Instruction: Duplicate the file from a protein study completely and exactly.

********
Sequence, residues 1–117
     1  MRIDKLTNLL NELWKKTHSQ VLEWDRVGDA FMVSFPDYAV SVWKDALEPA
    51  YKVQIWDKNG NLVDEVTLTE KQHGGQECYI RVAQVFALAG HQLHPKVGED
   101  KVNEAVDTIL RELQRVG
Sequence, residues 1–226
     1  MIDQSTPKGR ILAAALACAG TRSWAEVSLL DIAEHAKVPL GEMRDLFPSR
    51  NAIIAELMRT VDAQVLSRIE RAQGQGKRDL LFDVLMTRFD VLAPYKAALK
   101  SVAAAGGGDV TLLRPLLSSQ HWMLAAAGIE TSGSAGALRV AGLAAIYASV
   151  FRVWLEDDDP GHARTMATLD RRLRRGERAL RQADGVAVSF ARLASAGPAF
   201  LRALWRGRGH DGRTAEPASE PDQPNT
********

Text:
Sequence, residues 1–117
     1  MRIDKLTNLL NELWKKTHSQ VLEWDRVGDA FMVSFPDYAV SVWKDALEPA
    51  YKVQIWDKNG NLVDEVTLTE KQHGGQECYI RVAQVFALAG HQLHPKVGED
   101  KVNEAVDTIL RELQRVG
Sequence, residues 1–226
     1  MIDQSTPKGR ILAAALACAG TRSWAEVSLL DIAEHAKVPL GEMRDLFPSR
    51  NAIIAELMRT VDAQVLSRIE RAQGQGKRDL LFDVLMTRFD VLAPYKAALK
   101  SVAAAGGGDV TLLRPLLSSQ HWMLAAAGIE TSGSAGALRV AGLAAIYASV
   151  FRVWLEDDDP GHARTMATLD RRLRRGERAL RQADGVAVSF ARLASAGPAF
   201  LRALWRGRGH DGRTAEPASE PDQPNT